Carrier v. Berryhill, No. 5:2015cv05086 - Document 23 (D.S.D. 2017)

Court Description: ORDER granting 18 Motion to Reverse. Signed by Chief Judge Jeffrey L. Viken on 3/6/17. (SB)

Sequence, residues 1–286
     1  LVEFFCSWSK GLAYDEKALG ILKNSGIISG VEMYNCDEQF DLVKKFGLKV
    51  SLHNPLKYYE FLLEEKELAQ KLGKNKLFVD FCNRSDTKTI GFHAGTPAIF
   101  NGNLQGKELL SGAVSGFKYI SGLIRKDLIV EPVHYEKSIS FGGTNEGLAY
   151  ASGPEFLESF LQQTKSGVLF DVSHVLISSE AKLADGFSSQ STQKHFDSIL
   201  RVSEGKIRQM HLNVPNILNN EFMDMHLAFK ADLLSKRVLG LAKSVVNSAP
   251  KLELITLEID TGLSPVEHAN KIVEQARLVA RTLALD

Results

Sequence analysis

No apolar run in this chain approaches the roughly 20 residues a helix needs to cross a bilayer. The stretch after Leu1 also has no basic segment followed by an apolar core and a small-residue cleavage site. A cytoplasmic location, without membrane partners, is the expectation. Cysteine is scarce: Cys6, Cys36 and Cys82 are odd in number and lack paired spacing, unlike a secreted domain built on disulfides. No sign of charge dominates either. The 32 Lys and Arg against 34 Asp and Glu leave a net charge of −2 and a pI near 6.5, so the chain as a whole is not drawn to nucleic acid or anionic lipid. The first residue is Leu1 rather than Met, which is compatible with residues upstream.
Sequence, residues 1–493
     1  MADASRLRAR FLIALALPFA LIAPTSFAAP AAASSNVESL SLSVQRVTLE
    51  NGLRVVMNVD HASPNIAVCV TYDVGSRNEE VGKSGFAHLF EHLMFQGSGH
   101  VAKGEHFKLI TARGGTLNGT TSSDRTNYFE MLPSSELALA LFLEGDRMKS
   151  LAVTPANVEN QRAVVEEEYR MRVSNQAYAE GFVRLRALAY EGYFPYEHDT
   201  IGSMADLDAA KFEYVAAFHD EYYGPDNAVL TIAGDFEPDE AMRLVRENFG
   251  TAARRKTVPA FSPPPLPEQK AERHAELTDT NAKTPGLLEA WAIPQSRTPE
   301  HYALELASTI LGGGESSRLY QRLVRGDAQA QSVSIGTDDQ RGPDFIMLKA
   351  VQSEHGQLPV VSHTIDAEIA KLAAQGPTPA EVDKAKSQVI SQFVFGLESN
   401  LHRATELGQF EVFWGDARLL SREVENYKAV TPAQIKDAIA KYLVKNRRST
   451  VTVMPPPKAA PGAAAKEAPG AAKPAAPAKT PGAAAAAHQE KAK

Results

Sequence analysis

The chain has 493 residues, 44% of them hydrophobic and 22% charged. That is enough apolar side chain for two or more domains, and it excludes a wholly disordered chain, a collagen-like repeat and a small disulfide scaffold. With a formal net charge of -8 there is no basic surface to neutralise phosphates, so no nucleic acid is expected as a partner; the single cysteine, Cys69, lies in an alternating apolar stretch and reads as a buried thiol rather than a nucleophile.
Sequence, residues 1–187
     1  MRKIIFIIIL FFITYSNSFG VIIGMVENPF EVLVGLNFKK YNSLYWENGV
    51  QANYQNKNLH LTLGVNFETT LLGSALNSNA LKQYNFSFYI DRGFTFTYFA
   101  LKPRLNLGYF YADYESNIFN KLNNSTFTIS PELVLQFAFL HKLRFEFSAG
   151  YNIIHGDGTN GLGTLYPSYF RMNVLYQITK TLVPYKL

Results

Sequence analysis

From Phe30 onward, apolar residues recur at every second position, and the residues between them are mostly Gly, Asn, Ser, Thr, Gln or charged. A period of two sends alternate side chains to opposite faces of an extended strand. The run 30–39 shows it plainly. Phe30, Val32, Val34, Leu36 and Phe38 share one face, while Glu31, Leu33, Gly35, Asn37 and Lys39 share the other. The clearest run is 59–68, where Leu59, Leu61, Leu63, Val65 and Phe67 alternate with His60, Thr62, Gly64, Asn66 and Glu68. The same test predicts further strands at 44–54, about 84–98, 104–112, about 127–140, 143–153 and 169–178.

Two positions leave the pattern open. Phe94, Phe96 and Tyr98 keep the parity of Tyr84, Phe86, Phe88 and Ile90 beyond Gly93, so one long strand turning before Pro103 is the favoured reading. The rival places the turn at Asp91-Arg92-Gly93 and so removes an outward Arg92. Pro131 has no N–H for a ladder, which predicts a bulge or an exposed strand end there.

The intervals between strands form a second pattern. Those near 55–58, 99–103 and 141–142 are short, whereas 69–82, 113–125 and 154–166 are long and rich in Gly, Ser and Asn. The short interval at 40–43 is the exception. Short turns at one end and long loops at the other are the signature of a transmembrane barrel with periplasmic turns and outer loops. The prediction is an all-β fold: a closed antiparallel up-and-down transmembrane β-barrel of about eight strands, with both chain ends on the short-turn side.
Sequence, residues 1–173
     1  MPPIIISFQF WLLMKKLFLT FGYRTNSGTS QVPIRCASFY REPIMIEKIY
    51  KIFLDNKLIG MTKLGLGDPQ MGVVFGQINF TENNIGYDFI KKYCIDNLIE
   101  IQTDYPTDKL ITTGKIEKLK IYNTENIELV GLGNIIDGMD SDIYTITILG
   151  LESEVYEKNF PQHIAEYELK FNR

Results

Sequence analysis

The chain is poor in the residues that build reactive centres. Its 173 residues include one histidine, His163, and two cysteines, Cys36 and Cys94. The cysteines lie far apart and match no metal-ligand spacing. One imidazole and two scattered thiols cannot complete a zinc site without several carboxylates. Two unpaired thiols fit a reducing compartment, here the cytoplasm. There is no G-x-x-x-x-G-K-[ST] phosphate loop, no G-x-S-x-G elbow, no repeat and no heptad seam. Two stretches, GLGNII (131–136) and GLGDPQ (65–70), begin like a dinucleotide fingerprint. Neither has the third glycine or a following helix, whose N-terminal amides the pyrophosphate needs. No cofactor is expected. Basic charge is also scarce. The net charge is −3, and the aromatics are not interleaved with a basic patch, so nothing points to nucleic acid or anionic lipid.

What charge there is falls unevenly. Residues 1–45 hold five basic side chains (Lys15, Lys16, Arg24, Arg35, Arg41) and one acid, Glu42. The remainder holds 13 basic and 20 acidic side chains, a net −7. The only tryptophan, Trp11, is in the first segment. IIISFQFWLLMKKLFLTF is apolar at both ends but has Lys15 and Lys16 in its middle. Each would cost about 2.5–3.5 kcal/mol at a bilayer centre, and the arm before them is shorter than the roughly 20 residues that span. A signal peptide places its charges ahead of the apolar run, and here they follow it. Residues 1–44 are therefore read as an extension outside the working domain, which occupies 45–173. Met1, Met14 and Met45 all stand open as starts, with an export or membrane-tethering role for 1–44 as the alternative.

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Carrier v. Berryhill Doc. 23 UNITED STATES DISTRICT COURT DISTRICT OF SOUTH DAKOTA WESTERN DIVISION CIV. 15-5086-JLV BRYAN CARRIER, Plaintiff, ORDER vs. NANCY A. BERRYHILL, Acting Commissioner, Social Security Administration, Defendant. INTRODUCTION On November 25, 2015, plaintiff Bryan Carrier filed a complaint appealing the final decision of Nancy A. Berryhill,1 the acting Commissioner of the Social Security Administration, finding him not disabled. (Docket 1). Defendant denies plaintiff is entitled to benefits. (Docket 8). The court issued a briefing schedule requiring the parties to file a joint statement of material facts (“JSMF”). (Docket 10). For the reasons stated below, plaintiff’s motion to reverse the decision of the Commissioner (Docket 18) is granted. 1Nancy A. Berryhill became the Acting Commissioner of Social Security on January 20, 2017. Pursuant to Fed. R. Civ. P. 25(d), Ms. Berryhill is automatically substituted for Carolyn W. Colvin as the defendant in all pending social security cases. No further action need be taken to continue this suit by reason of the last sentence of section 205(g) of the Social Security Act, 42 U.S.C. § 405(g). 1 Dockets.Justia.com FACTUAL AND PROCEDURAL HISTORY The parties’ JSMF (Docket 15) is incorporated by reference. Further recitation of salient facts is incorporated in the discussion section of this order. On July 22, 2013, Mr. Carrier filed an application for Social Security disability benefits alleging an onset of disability date of February 1, 2012. (Docket 15 ¶ 1). On October 13, 2015, the administrative law judge (“ALJ”) issued a decision finding Mr. Carrier was not disabled. Id. ¶ 3; see also Administrative Record at pp. 78-94 (hereinafter “AR at p. ____”). On November 12, 2015, the Appeals Council denied Mr. Carrier’s request for review and affirmed the ALJ’s decision. (Docket 15 ¶ 3; AR at pp. 1-4). The ALJ’s decision constitutes the final decision of the Commissioner of the Social Security Administration. It is from this decision which Mr. Carrier timely appeals. The issue before the court is whether the ALJ’s decision of October 13, 2015, that Mr. Carrier was not “under a disability, as defined in the Social Security Act, since February 1, 2012, through [October 13, 2015]” is supported by the substantial evidence in the record as a whole. (AR at p. 94) (bold omitted); see also Howard v. Massanari, 255 F.3d 577, 580 (8th Cir. 2001) (“By statute, the findings of the Commissioner of Social Security as to any fact, if supported by substantial evidence, shall be conclusive.”) (internal quotation marks and brackets omitted) (citing 42 U.S.C. § 405(g)). STANDARD OF REVIEW The Commissioner’s findings must be upheld if they are supported by substantial evidence in the record as a whole. 42 U.S.C. § 405(g); Choate v. 2 Barnhart, 457 F.3d 865, 869 (8th Cir. 2006); Howard, 255 F.3d at 580. The court reviews the Commissioner’s decision to determine if an error of law was committed. Smith v. Sullivan, 982 F.2d 308, 311 (8th Cir. 1992). “Substantial evidence is less than a preponderance, but is enough that a reasonable mind would find it adequate to support the Commissioner’s conclusion.” Cox v. Barnhart, 471 F.3d 902, 906 (8th Cir. 2006) (internal citation and quotation marks omitted). The review of a decision to deny benefits is “more than an examination of the record for the existence of substantial evidence in support of the Commissioner’s decision . . . [the court must also] take into account whatever in the record fairly detracts from that decision.” Reed v. Barnhart, 399 F.3d 917, 920 (8th Cir. 2005) (quoting Haley v. Massanari, 258 F.3d 742, 747 (8th Cir. 2001)). It is not the role of the court to re-weigh the evidence and, even if this court would decide the case differently, it cannot reverse the Commissioner’s decision if that decision is supported by good reason and is based on substantial evidence. Guilliams v. Barnhart, 393 F.3d 798, 801 (8th Cir. 2005). A reviewing court may not reverse the Commissioner’s decision “ ‘merely because substantial evidence would have supported an opposite decision.’ ” Reed, 399 F.3d at 920 (quoting Shannon v. Chater, 54 F.3d 484, 486 (8th Cir. 1995)). Issues of law are reviewed de novo with deference given to the Commissioner’s construction of the Social Security Act. See Smith, 982 F.2d at 311. 3 The Social Security Administration established a five-step sequential evaluation process for determining whether an individual is disabled and entitled to benefits under Title XVI. 20 CFR § 416.920(a). If the ALJ determines a claimant is not disabled at any step of the process, the evaluation does not proceed to the next step as the claimant is not disabled. Id. The five-step sequential evaluation process is: (1) whether the claimant is presently engaged in a “substantial gainful activity”; (2) whether the claimant has a severe impairment—one that significantly limits the claimant’s physical or mental ability to perform basic work activities; (3) whether the claimant has an impairment that meets or equals a presumptively disabling impairment listed in the regulations (if so, the claimant is disabled without regard to age, education, and work experience); (4) whether the claimant has the residual functional capacity to perform . . . past relevant work; and (5) if the claimant cannot perform the past work, the burden shifts to the Commissioner to prove there are other jobs in the national economy the claimant can perform. Baker v. Apfel, 159 F.3d 1140, 1143-44 (8th Cir. 1998). See also Boyd v. Sullivan, 960 F.2d 733, 735 (8th Cir. 1992) (the criteria under 20 CFR § 416.920 are the same under 20 CFR § 404.1520 for disability insurance benefits). The ALJ applied the five-step sequential evaluation required by the Social Security Administration regulations. (AR at pp. 78-94). 4 DISCUSSION STEP ONE At step one, the ALJ determined plaintiff had not been engaged in substantial gainful activity since February 1, 2012, the alleged onset date of disability.2 (AR at p. 80). STEP TWO “At the second step, [the agency] consider[s] the medical severity of your impairment(s).” 20 CFR § 404.1520(a)(4)(ii). “It is the claimant’s burden to establish that his impairment or combination of impairments are severe.” Kirby v. Astrue, 500 F.3d 705, 707 (8th Cir. 2007). A severe impairment is defined as one which significantly limits a physical or mental ability to do basic work activities. 20 CFR § 404.1521. An impairment is not severe, however, if it “amounts to only a slight abnormality that would not significantly limit the claimant’s physical or mental ability to do basic work activities.” Kirby, 500 F.3d at 707. “If the impairment would have no more than a minimal effect on the claimant’s ability to work, then it does not satisfy the requirement of step two.” Id. (citation omitted). “Severity is not an onerous requirement for the claimant to meet, but it is also not a toothless standard . . . .” Id. at 708 (internal citation omitted). 2The Additionally, the ALJ found plaintiff performed work in 2012, 2013 and 2014. (AR at p. 80). Plaintiff also “received payments under the Wounded Warrior Program, Department of Veterans Affairs benefits, and unemployment.” Id. The ALJ found “these earnings were not the result of substantial gainful activity.” Id. 5 impairment must have lasted at least twelve months or be expected to result in death. See 20 CFR § 404.1509. The ALJ identified plaintiff suffered from the following severe impairments: degenerative disc disease of the lumbar spine,3 and tearing and moderate tendinosis4/mild acromioclavicular joint arthrosis.”5 (AR at p. 80 (citing 20 CFR § 404.1520(c))). 3“The phrase ‘degenerative changes’ in the spine refers to osteoarthritis of the spine. Osteoarthritis is the most common form of arthritis. Doctors may also refer to it as degenerative arthritis or degenerative joint disease. Osteoarthritis in the spine most commonly occurs in the neck and lower back. With age, the soft disks that act as cushions between the spine’s vertebrae dry out and shrink. This narrows the space between vertebrae, and bone spurs may develop. Gradually, your spine stiffens and loses flexibility. In some cases, bone spurs on the spine can pinch a nerve root — causing pain, weakness or numbness.” April Chang-Miller, M.D., Degenerative changes in the spine: Is this arthritis?, Mayo Clinic (Feb. 25, 2017), http://www.mayoclinic.org/diseases-conditions/osteoarthritis/expert-answers /arthritis/faq-20058457?utm_source=Google&utm_medium=abstract&utm_co ntent=Degenerative-disc-disease&utm_campaign=Knowledge-panel. 4“Tendinosis refers to internal tendon degeneration. This occurs because o[f] an imbalance between tendon breakdown and tendon repair. Thus, tendinosis can result either from an increase in breakdown such as from overuse or injury, or from a decrease in the healing response.” Rotator Cuff Tendinosis, Seacoast Orthopedics & Sports Medicine (last visited March 1, 2017), http://www.sosmed.org/specialties/shoulder-elbow/rotator-cuff-tendinosis/. 5“Osteoarthritis -- also known as degenerative joint disease -- occurs when the cartilage that covers the tops of bones, known as articular cartilage, degenerates or wears down. This causes swelling, pain, and sometimes the development of osteophytes -- bone spurs -- when the ends of the two bones rub together. . . . The shoulder is made up of two joints, the acromioclavicular (AC) joint and the glenohumeral joint. The AC joint is the point where the collarbone, or clavicle, meets the acromion, which is the tip of the shoulder blade. The glenohumeral joint is the point where the top of the arm bone, or humerus, meets the shoulder blade, or scapula. Osteoarthritis is more commonly found in the AC joint.” Shoulder Osteoarthritis (Degenerative 6 The ALJ concluded plaintiff’s migraines were not a severe impairment. Id. at pp. 80-82. Plaintiff challenges that finding. (Docket 18 at pp. 3-5). The ALJ’s complete explanation for finding plaintiff’s migraines were non-severe is as follows: The claimant alleged disability due to headaches, however, the undersigned finds this condition to be nonsevere. In October 2014, neurological examination was unremarkable (Exhibit 16F/74). Additionally, in June 2015, the claimant denied headaches (Exhibit 22F/1). Furthermore, in July 2015, imaging of the brain was unremarkable (Exhibit 20F/l). Moreover, the claimant’s cranial nerves were grossly intact (Exhibit 21F/6). The evidence does not significantly limit the claimant’s physical or mental ability to do basic work activities. As such, the undersigned finds this condition to be nonsevere. (AR at p. 81). Plaintiff argues the medical evidence relating to his migraines sufficiently supports finding they were a severe impairment. 3). (Docket 18 at p. Plaintiff indicates Dr. Jie Liu treated him on multiple occasions from January to December 2013. Id. at pp. 3-4. Dr. Liu recorded plaintiff as having migraines three to four days each week with effects lasting from three hours to the entire day. Id. at p. 3. Plaintiff highlights the treatment he received from Dr. Laurie Weisensee, who also recorded plaintiff’s migraines as occurring three to four times per week. Id. at p. 4. Both Dr. Liu and Dr. Weisensee prescribed plaintiff medication for his migraines. Id. Arthritis of the Shoulder), WebMD July 20, 2016), http://www.webmd.com/osteoarthritis/guide/shoulder-osteoarthritis-degener ative-arthritis-shoulder#1. 7 Plaintiff claims “[t]here are no tests that can prove [a person] has migraines[,]” so the ALJ should not have taken plaintiff’s “unremarkable” neurological exam and brain imaging and intact cranial nerves as reasons his migraines were not a severe impairment. Id. at pp. 4-5. Plaintiff argues the ALJ erred in noting plaintiff denied headaches when Dr. Jonathan Wilson treated him in June 2015 after plaintiff had back surgery. Id. at p. 5. Plaintiff asserts Dr. Wilson recommended a CT scan6 of plaintiff’s head to address dizziness, and plaintiff did not raise the issue of migraines because he had other serious medical concerns to discuss with Dr. Wilson connected to his back surgery. Id. Plaintiff contends his own testimony and his wife’s statement are consistent with the medical evidence in support of finding his migraines were a severe impairment. Id. Defendant argues the court should find the ALJ did not commit error in concluding plaintiff’s migraines were not a severe impairment. pp. 4-9). (Docket 19 at Defendant asserts the migraines were not severe because plaintiff’s medical treatment sufficiently controlled their impact on his functioning. 6“A Id. computerized tomography (CT) scan combines a series of X-ray images taken from different angles and uses computer processing to create cross-sectional images, or slices, of the bones, blood vessels and soft tissues inside your body. CT scan images provide more detailed information than plain X-rays do. . . . A CT scan has many uses, but is particularly well-suited to quickly examine people who may have internal injuries from car accidents or other types of trauma. A CT scan can be used to visualize nearly all parts of the body and is used to diagnose disease or injury as well as to plan medical, surgical or radiation treatment.” Mayo Clinic Staff, CT Scan Definition, Mayo Clinic (Mar. 25, 2015), http://www.mayoclinic.org/tests-procedures/ct-scan/basics/definition/prc-20 014610. 8 at p. 4. Defendant claims plaintiff cannot demonstrate error warranting reversal because the ALJ found other severe impairments and plaintiff fails to show the end result would change if the ALJ found additional severe impairments. 2012)). Id. at p. 5. (citing Byes v. Astrue, 687 F.3d 913, 917 (8th Cir. Defendant contends the ALJ’s decision details sufficient medical evidence underlying her finding on all of plaintiff’s non-severe impairments. Id. at pp. 5-6. Defendant claims plaintiff failed to meet his burden in showing his migraines were a severe impairment because he relies too much on his own subjective descriptions of symptoms. Id. at p. 8. The issue before the court is whether substantial evidence supports the ALJ’s determination that plaintiff’s migraines were not a severe impairment. See Kirby, 500 F.3d at 707-08. As stated above, a severe impairment is one which significantly limits a physical or mental ability to do basic work activities. 20 CFR § 404.1521. The ALJ’s explanation for finding plaintiff’s migraines non-severe boils down to plaintiff stating in June 2015 he was not experiencing headaches and three instances of records showing an absence of medical evidence of migraines. (AR at p. 80). “Because migraines constitute a subjective complaint, objective evidence conclusively showing whether a person suffers from them is impossible to find.” Carlson v. Astrue, Civil No. 09-2547, 2010 WL 5113808, at *12 (D. Minn. Nov. 8, 2010). Courts recognize this difficulty and 9 acknowledge “laboratory tests cannot prove the existence of migraine headaches . . . .” Wiltz v. Barnhart, 484 F. Supp. 2d 524, 532 (W.D. La. 2006) (citing Ortega v. Chater, 933 F. Supp. 1071, 1075 (S.D. Fla. 1996)); see Thompson v. Barnhart, 493 F. Supp. 2d 1206, 1215 n.7 (S.D. Ala. 2007) (collecting cases); see also Creel v. Wachovia Corp., No. 08-10961, 2009 WL 179584, at *8 n.20 (11th Cir. Jan. 27, 2009) (“Neither party has identified any objective tests that would automatically establish the existence of neurologically-based migraines, and there appears to be no set standard for establishing the existence of migraines.”) (citations omitted). Rather than using laboratory tests looking for direct medical evidence, “doctors diagnose migraines through medical signs and symptoms such as nausea, vomiting, photophobia7[ and] sensitivity to sound.”8 Carlson, 2010 WL 5113808, at *12 (citing Duncan v. Astrue, No. 4:06-CV-230, 2008 WL 111158, at *6 (E.D.N.C. Jan. 8, 2008); Ortega, 933 F. Supp. at 1075). At the same time, plaintiff’s “impairment must result from anatomical, physiological, or psychological abnormalities which can be shown by medically acceptable clinical and laboratory diagnostic techniques. A 7“Photophobia is eye discomfort in bright light.” Photophobia, MedlinePlus, U.S. National Library of Medicine (May 11, 2015), https://medlineplus.gov/ency/article/003041.htm. 8This is also referred to as “phonophobia.” Zamzil Amin Asha’ari, et al., Phonophobia and Hyperacusis: Practical Points From a Case Report, U.S. National Library of Medicine, National Institutes of Health (2010), https://www.ncbi.nlm.nih.gov/pmc/articles/PMC3216140/. (“Phonophobia is defined as a persistent, abnormal, and unwarranted fear of sound.”). 10 physical . . . impairment must be established by medical evidence consisting of signs, symptoms, and laboratory findings, not only by the claimant’s statement of symptoms.” Martise v. Astrue, 641 F.3d 909, 923 (8th Cir. 2011) (citing 20 CFR § 404.1508) (internal quotation marks omitted). The court finds error in the ALJ’s reliance on three instances of records showing an absence of direct medical evidence of migraines. See Stebbins v. Barnhart, No. 03-C-0117-C, 2003 WL 23200371, at *10-11 (W.D. Wisc. Oct. 21, 2003) (finding error and remanding when the ALJ based a decision on “a fundamental misunderstanding of the diagnosis and treatment of migraine headaches”). The ALJ’s remaining reason for finding the migraines non-severe, plaintiff’s failure to report migraines during a June 2015 examination, does not save the ALJ’s error. (AR at p. 81). One example of plaintiff denying experiencing headaches is not enough to overcome his extensive and consistent history with migraine diagnosis and treatment. The first instance in the record of plaintiff’s migraine headaches is his military service physical at Camp Pendleton on January 9, 2013, where he “complained of headaches two to three times a week, pain of 8/10 sometimes, . . . [and] light sensitivity and noise sensitivity lasting two to three hours.” (Docket 15 ¶ 19). On January 15, 2013, at Camp Pendleton’s Concussion Clinic plaintiff stated experiencing headaches and falling while walking up stairs due to a “fuzzy feeling . . . .” Id. ¶ 21. That same day plaintiff saw neurologist Dr. Jie Liu and explained his headaches occur “three to four days 11 a week . . . last[ing] about three to four hours up to the whole day[, . . . and they] came with photophobia and phonophobia but no nausea or vomiting.” Id. ¶ 22. Dr. Liu diagnosed plaintiff with migraines and prescribed medication to treat the condition. Id. Plaintiff visited Dr. Liu on March 1, 2013, again reporting headaches, though they had been less intense. ¶ 30. Id. Dr. Liu saw plaintiff on April 2, 2013, when plaintiff claimed experiencing three migraine headaches in the prior month and Dr. Liu concluded the migraines were “not well controlled . . . .” Id. ¶ 35. Plaintiff visited Dr. Liu next on May 3, 2013, and indicated he had two migraine headaches “since the last visit and that bright light and noise will trigger them.” Id. ¶ 45. On June 3, 2013, Dr. Liu examined plaintiff and recorded plaintiff experiencing four migraine headaches during the prior month, but medication helped ease the migraines to an extent. Id. ¶ 51. Dr. Liu saw plaintiff on July 1, 2013, and determined plaintiff experienced one migraine headache since the last visit and it lasted for two days. ¶ 58. Id. Dr. Liu found plaintiff’s migraine headaches were stabilized as four or fewer instances each month. Id. On July 18, 2013, plaintiff saw a licensed social worker, Genavieve Donnelly, and “reported weekly migraines triggered by light sensitivity and loud sounds.” Id. ¶ 63. On August 13, 2013, Dr. Liu determined the migraine headaches remained stable. Id. ¶ 69. 12 Plaintiff visited Dr. Liu on December 13, 2013, and Dr. Liu found the migraine headaches were still stable and diagnosed plaintiff with “migraine . . . improving . . . .” Id. ¶ 76. Plaintiff saw a different neurologist, Dr. Laurie Weisensee, on October 22, 2014, and “described chronic daily global dull headaches” and more severe headaches “three to four times a week . . . with nausea and photophobia.” Id. ¶ 84. balance problems. Id. During this visit plaintiff reported dizziness and Plaintiff visited Diana Edward for a compensation and pension exam on January 28, 2015. Id. ¶ 100. Ms. Edward noted plaintiff “suffered from migraines over the past year[,]” including experiences where the migraine headaches “last 24 hours” and “cause nausea[ and] dizziness . . . .” Id. The court is mindful of the portions of the record indicating medication may have alleviated plaintiff’s migraines to an extent. Id. ¶¶ 33, 43, 51, 58, 69 & 70. “If an impairment can be controlled by treatment or medication, it cannot be considered disabling.” Wildman v. Astrue, 596 F.3d 959, 965 (8th Cir. 2010) (citing Brown v. Barnhart, 390 F.3d 535, 540 (8th Cir. 2004)) (internal quotation marks omitted). When “migraine headaches are controllable and amenable to treatment, they ‘do not support a finding of disability.’ ” Martise, 641 F.3d at 924 (quoting Davidson v. Astrue, 578 F.3d 838, 846 (8th Cir. 2009)). However, in addition to the many medical findings supporting plaintiff’s migraines being severe, there are points in the record where the migraines were found “not well controlled . . . .” (Docket 15 ¶¶ 35, 13 45); see Carlson, 2010 WL 5113808, at *10-11 (finding migraines not controlled when “medication provided only partial and intermittent relief”). Plaintiff’s more recent medical examinations in October 2014 and January 2015 reinforce the claim his migraines were severe. (Docket 15 ¶¶ 84, 100). The statement from Sandra Carrier, plaintiff’s wife, further supports his argument his migraines severely impaired him. (AR at pp. 324-32). She explains plaintiff cannot experience loud sounds or bright lights and certain odors trigger his migraines. Id. at pp. 324, 327, 329 & 331. Ms. Carrier’s statement provides a source beyond plaintiff’s own claims to demonstrate the severity of plaintiff’s migraine headaches. See Martise, 641 F.3d at 923 (requiring more than the claimant’s subjective statements to show a severe impairment). The court finds the ALJ erred in determining whether plaintiff’s migraines were a severe impairment. *10-11. See Stebbins, 2003 WL 23200371, at Considering the evidence that “fairly detracts from [the] decision[,]” the court finds substantial evidence does not support the ALJ’s determination. See Reed, 399 F.3d at 920. The ALJ’s reliance on “unremarkable” neurological exams (AR at p. 81) “was a fundamental misunderstanding of the diagnosis and treatment of migraine headaches.” Stebbins, 2003 WL 23200371, at *10; see Thompson, 493 F. Supp. 2d at 1215 n.7 (collecting cases). Detracting from the ALJ’s determination is plaintiff’s extensive history of migraine treatment and diagnosis for related 14 symptoms such as phonophobia, photophobia, dizziness and nausea. (Docket 15 ¶¶ 15, 21, 22, 35, 45, 63, 84 & 100). Ms. Carrier’s statement on her observations of plaintiff’s migraines reinforces the medical history through a source other than the plaintiff. (AR at pp. 324, 327, 329 & 331). Defendant argues any error in the ALJ’s severity determination on plaintiff’s migraines does not warrant remand unless plaintiff can demonstrate a different result would have occurred without the error. (Docket 19 at p. 5). “To show an error was not harmless, [plaintiff] must provide some indication that the ALJ would have decided differently if the error had not occurred.” Byes, 687 F.3d at 917 (citations omitted). The ALJ’s error in determining the severity of plaintiff’s migraines is not harmless because it impacts areas of the ALJ’s decision beyond the step two analysis. Failure to identify all of a claimant’s severe impairments impacts not only the ALJ’s credibility findings, consideration of activities of daily living, but most importantly, a claimant’s residual functional capacity (“RFC”).9 “[F]ailure to consider plaintiff’s limitations . . . infect[s] the ALJ’s . . . further analysis under step four.” Spicer v. Barnhart 64 Fed. Appx. 173, 178 (10th Cir. 2003). 9See supra Standard of Review at p. 4. Before considering step four of the evaluation process, the ALJ is required to determine a claimant’s RFC. 20 CFR § 404.1520(e). RFC is a claimant’s ability to do physical and mental work activities on a sustained basis despite any limitations from his impairments. 20 CFR § 404.1545(a)(1). In making this finding, the ALJ must consider all of the claimant’s impairments, including those which are not severe. 20 CFR § 404.1545(e). All of the relevant medical and non-medical evidence in the record must be considered. 20 CFR §§ 404.1520(e) and 404.1545. 15 The ALJ gave “no weight” to Dr. Liu’s opinion “because it is inconsistent with her own and other objective findings.” (AR at p. 89). Ms. Carrier’s statement received “little weight” in the ALJ’s analysis because the ALJ found it inconsistent with several medical findings. Id. at p. 91. The ALJ determined plaintiff’s statements regarding his symptoms were “not entirely credible for the reasons explained in this decision.”10 Id. at p. 84. These conclusions of the ALJ refer almost exclusively to plaintiff’s back and shoulder impairments—not his migraines. Id. at pp. 83-91. With the medical support for plaintiff’s migraines outlined above, the weight given to these opinions and statements may be greater if the ALJ incorporated migraines into the analysis. See supra Step Two at pp. 11-13. The absence of migraines in the ALJ’s analysis on these points is understandable since the ALJ erroneously analyzed the severity of plaintiff’s migraines. pp. 14-15. See id. at But the absence also provides sufficient “indication that the ALJ would have decided differently if the error had not occurred.” Byes, 687 F.3d at 917. If the ALJ did not commit the mistakes described above regarding plaintiff’s migraines, there is “some indication” the ALJ would have come to a different conclusion in plaintiff’s case. Id.; Carlson, 2010 WL 5113808, at *16-17. 10The court recognizes the ALJ identified some potentially important inconsistences in plaintiff’s case. (AR at pp. 86-87). These include plaintiff receiving unemployment benefits and his various physical activities. Id. Although these facts may stand out in plaintiff’s case, they do not alter the court’s finding regarding the ALJ’s error in assessing plaintiff’s migraines. 16 This is further supported by the reasons for granting greater weight to Dr. Liu’s opinion on plaintiff’s migraines. Dr. Liu is a neurologist who treated plaintiff, and Dr. Liu’s medical conclusions find support in the record. See supra Step Two at pp. 11-13. “Migraine headaches generally are treated by neurologists, [and a]s such, a neurologist’s opinion regarding migraines should be granted greater weight.” Carlson, 2010 WL 5113808, at *15 (citing Stebbins, 2003 WL 23200371, at *13); see Kelley v. Callahan, 133 F.3d 583, 589 (8th Cir. 1998) (finding a treating specialist’s opinion is entitled to greater weight than the opinions of nonspecialists where the specialist’s opinion is supported by clinical data). To determine whether plaintiff could perform past relevant work, the ALJ relied on the statement of a vocational expert who “testified that if an individual had the [plaintiff’s] residual functional capacity, such an individual could perform the . . . past relevant work as a fast food worker.” p. 92). (AR at However, “[i]f a hypothetical question does not include all of the claimant’s impairments, limitations, and restrictions, or is otherwise inadequate, a vocational expert’s response cannot constitute substantial evidence to support a conclusion of no disability.” Cox v. Apfel, 160 F.3d 1203, 1207 (8th Cir. 1998) (citation omitted); see Carlson, 2010 WL 5113808, at *17 (“Where the ALJ’s RFC analysis was in error, as in this case, it cannot be the basis for a proper hypothetical question to a vocational expert.”) (citation omitted). 17 The ALJ’s error detailed above “seriously undercut[s] the validity of other areas of the ALJ’s decision.” Carlson, 2010 WL 5113808, at *17 (ruling on an ALJ’s error in evaluating a claimant’s migraines). As a result of concluding “the ALJ’s decision is not based on substantial evidence on the whole, ‘[the court has] no confidence in the reliability of the RFC upon which the ALJ based [her] decision.’ ” Id. (quoting Snead v. Barnhart, 360 F.3d 834, 839 (8th Cir. 2004)). ORDER Based on the above analysis, it is ORDERED that plaintiff’s motion to reverse the decision of the Commissioner (Docket 18) is granted. IT IS FURTHER ORDERED that, pursuant to sentence four of 42 U.S.C. § 405(g), the case is remanded to the Commissioner for rehearing consistent with this decision. Dated March 6, 2017. BY THE COURT: /s/ Jeffrey L. Viken JEFFREY L. VIKEN CHIEF JUDGE 18